In 1993, Tavis Smiley was an ambitious yet unworldly former aide to Los Angeles Mayor Tom Bradley. Maya Angelou was, among other things, a bestselling author and groundbreaking poet who had recently become the first African American and first woman to read at a presidential inauguration. Traveling to Ghana to give an address, Angelou brought along a small group of friends, plus Smiley, whose mutual friend had lined him up to lend a hand.
"The first time she met me, she said, with that mellifluous voice of hers, 'And you must be Young Tavis I've heard so much about,'" Smiley recalls. Sun pours through a skylight in his Leimert Park office, where he runs his PBS television series, his radio show, his publishing imprint and foundation. Although he was not all that young, he said, "it stuck. Eventually, it became a nickname."
That trip, and the friendship that grew over the following decades, are commemorated in "My Journey With Maya" (Little, Brown: 224 pp., $27), Smiley's new book of his recollections and conversations with Angelou, who died at age 86 last May.
"She's not just a literary icon, she may very well be the greatest renaissance woman that black America has ever created, and maybe the country," he says. "Who else has done as many things as she has done, and done them as well? Writing. Directing. Producing. Singing. Dancing. Poetry. Teaching. She's in a class by herself."
The moniker Angelou bestowed on him, "Young Tavis," runs through the book, adding to the sense of its chapters being like Socratic dialogues: Smiley is seeking knowledge and Angelou imparts it. Over the course of two decades, in person and on the phone, they talk about courage and love, Malcolm X and the Rev. Martin Luther King Jr., about art and entertainment and much more.
When people crossed paths with Angelou, she often took on the role of teacher. Actor LeVar Burton says that in the early days of shooting "Roots" (she played his grandmother), Angelou stopped him after he killed a bug on set, scolding, "'Don't you ever think that because you are larger than a thing that you have the right to take its life.' It was a seminal moment," he recalls. "I will never forget that lesson."
Smiley has a similar reverence for Angelou, whose lessons take center stage in his book. "Many of the stories in this book she told her other sons and daughters and friends — she was very consistent in getting her point across," he says.
That didn't mean they always saw eye to eye. In one chapter, they debate use of the N-word, arguing even as they finish dinner, moving on to a café to continue the conversation.
"I'll never accept it," Angelou says. "I'll never tolerate it in common usage. It suggests nothing less than the brutal subjugation and degradation of our people. When it is voiced, I can hear our ancestors crying in pain." Whereas Smiley makes the case that the word is used ironically within the black community, that it has been remade, that context matters, even that it has been used by heroes like King — to no avail. While he doesn't agree with her, he relents in the text. Point: Angelou.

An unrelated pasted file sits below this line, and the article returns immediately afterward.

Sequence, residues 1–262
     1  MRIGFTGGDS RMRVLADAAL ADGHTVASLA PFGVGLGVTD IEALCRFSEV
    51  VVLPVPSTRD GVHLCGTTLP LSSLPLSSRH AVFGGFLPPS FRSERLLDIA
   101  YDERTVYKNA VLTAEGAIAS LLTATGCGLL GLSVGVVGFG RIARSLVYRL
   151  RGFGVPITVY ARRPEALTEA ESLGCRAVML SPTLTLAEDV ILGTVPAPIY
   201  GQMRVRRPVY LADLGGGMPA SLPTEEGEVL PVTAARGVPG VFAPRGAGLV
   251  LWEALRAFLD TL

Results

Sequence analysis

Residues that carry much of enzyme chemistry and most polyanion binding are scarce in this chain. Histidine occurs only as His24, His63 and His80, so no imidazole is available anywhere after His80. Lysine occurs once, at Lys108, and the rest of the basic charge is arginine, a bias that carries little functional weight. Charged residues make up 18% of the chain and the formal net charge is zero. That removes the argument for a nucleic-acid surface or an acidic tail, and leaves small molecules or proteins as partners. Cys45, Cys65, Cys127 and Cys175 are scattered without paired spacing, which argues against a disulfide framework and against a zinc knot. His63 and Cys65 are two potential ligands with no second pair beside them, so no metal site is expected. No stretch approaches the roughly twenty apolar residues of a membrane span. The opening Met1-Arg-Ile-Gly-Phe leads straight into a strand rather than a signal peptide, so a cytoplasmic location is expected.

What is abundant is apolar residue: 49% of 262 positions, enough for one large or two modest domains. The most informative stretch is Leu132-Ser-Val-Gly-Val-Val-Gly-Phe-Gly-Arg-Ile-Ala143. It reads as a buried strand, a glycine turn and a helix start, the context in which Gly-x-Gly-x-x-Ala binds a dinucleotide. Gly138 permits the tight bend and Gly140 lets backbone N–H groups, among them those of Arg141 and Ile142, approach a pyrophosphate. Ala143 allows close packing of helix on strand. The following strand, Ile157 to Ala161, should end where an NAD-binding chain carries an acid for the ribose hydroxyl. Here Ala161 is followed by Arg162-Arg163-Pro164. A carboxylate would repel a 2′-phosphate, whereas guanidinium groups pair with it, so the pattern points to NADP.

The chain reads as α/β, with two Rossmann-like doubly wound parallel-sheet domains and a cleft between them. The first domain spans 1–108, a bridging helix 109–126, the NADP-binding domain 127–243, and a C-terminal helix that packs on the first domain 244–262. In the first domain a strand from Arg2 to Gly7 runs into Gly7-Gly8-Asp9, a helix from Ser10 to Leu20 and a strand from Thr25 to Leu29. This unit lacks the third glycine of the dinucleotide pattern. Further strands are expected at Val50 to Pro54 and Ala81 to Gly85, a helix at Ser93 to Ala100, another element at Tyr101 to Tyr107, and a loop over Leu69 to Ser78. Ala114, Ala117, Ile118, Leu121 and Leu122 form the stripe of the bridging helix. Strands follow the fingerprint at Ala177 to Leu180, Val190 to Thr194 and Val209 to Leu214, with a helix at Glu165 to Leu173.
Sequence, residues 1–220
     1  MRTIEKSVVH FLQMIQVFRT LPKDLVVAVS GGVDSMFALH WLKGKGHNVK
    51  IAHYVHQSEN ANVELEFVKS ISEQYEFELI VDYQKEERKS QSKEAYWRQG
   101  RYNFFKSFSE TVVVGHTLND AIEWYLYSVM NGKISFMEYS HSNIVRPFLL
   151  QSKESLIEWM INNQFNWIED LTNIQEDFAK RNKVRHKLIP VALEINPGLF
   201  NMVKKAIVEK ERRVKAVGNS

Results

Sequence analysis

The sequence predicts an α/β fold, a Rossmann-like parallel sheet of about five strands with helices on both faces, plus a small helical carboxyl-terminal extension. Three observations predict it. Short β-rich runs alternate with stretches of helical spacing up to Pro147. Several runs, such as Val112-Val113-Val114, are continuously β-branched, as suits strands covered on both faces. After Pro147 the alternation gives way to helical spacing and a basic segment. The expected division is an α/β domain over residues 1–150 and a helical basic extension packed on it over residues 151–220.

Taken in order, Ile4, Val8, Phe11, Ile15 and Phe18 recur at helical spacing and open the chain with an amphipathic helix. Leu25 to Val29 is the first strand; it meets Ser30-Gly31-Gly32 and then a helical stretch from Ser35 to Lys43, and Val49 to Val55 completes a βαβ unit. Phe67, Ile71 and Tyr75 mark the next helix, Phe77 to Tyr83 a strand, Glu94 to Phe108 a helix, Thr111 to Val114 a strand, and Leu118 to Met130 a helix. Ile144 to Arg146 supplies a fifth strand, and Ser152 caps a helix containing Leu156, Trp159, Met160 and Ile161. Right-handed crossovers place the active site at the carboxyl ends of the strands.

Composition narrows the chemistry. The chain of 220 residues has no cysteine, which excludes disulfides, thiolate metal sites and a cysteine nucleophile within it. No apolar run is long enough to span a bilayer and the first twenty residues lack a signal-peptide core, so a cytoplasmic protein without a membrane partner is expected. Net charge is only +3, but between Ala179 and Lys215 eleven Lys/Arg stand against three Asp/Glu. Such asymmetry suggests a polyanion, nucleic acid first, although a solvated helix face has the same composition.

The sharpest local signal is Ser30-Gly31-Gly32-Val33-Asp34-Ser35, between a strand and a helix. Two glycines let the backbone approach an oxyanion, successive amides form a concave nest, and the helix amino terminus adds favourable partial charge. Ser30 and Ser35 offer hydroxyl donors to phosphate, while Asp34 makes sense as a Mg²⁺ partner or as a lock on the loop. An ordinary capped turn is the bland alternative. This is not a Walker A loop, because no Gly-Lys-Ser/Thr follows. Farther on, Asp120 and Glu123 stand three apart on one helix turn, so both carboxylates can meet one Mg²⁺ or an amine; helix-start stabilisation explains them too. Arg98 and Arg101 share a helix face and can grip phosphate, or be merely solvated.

Smiley, who turned 50 last year, said: "Coming from where she came from, a woman of her generation, her experience — I totally understood her argument. Of all the disagreements that we had, that one was the most uncomfortable for me.
"It's very important to me that people pay attention to how every disagreement ends in this book, because that's exactly what happened in real life. It always ends with love. I never walked out of a room with her, never hung up on the phone with her, never dismissed myself from her presence without both of us expressing love to each other, no matter how heated the conversation."
Angelou died the day before Smiley was scheduled to be the featured speaker at the publishing conference Book Expo last spring. Anjelica Huston led off the event quoting Angelou, and Smiley followed suit by sharing his recollections of her. By the time the day was over, Smiley — whose book "Death of a King: The Real Story of Dr. Martin Luther King Jr.'s Final Year" was not yet out — had plans for this one in the works.
It was a whirlwind schedule. His tour for the King book took him to three dozen cities, he was running his interview show on PBS, rehearsing for and appearing live on "Dancing With the Stars" and working on the Angelou book catch as catch can, "on plane rides and in bathroom stalls," he says. "It was the most insane thing I've ever done."
Angelou's personality comes through in the book, which opens up a remarkable connection to a legacy of African American intellectual and creative life that included friendships with James Baldwin, Malcolm X and King. In the early 1960s, she even made the acquaintance of W.E.B. Du Bois in Accra, Ghana; the reason for the trip to Ghana with Smiley three decades later was to give a speech at Du Bois' home, now a cultural center.
"I won't talk about this too long because I'll cry at this point," Smiley says, his voice cracking without losing his TV host poise. "She was never judgmental. I was never as smart as she was, I was never as learned as she was, I wasn't as worldly as she was, I wasn't as wise as she was, I wasn't as cosmopolitan as she was. And never, ever, ever, from the first time we spent hours talking in Africa, did she ever make me feel those things that I knew I was not."